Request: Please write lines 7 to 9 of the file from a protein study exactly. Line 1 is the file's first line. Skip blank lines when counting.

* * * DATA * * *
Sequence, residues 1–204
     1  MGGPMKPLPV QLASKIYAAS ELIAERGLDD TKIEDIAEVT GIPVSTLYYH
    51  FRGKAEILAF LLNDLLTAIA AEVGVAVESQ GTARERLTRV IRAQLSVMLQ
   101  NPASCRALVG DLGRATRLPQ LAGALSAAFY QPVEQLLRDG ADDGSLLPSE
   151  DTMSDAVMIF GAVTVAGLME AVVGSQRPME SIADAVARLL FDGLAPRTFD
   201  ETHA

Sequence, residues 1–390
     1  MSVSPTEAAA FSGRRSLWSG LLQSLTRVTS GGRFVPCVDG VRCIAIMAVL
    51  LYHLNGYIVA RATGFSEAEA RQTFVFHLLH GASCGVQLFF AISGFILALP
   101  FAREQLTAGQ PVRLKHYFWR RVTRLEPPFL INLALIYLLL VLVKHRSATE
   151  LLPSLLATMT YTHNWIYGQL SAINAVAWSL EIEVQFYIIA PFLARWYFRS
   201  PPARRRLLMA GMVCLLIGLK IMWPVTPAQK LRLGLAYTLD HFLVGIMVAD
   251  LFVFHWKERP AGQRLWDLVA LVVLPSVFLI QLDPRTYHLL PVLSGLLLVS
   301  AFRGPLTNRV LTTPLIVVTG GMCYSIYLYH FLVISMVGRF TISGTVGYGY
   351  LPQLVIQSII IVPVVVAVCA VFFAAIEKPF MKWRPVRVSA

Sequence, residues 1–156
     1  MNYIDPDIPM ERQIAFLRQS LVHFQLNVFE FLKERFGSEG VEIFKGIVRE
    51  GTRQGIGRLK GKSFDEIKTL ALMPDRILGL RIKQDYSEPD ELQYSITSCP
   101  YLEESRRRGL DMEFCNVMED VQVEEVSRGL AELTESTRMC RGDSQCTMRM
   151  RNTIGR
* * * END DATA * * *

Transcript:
Sequence, residues 1–390
     1  MSVSPTEAAA FSGRRSLWSG LLQSLTRVTS GGRFVPCVDG VRCIAIMAVL
    51  LYHLNGYIVA RATGFSEAEA RQTFVFHLLH GASCGVQLFF AISGFILALP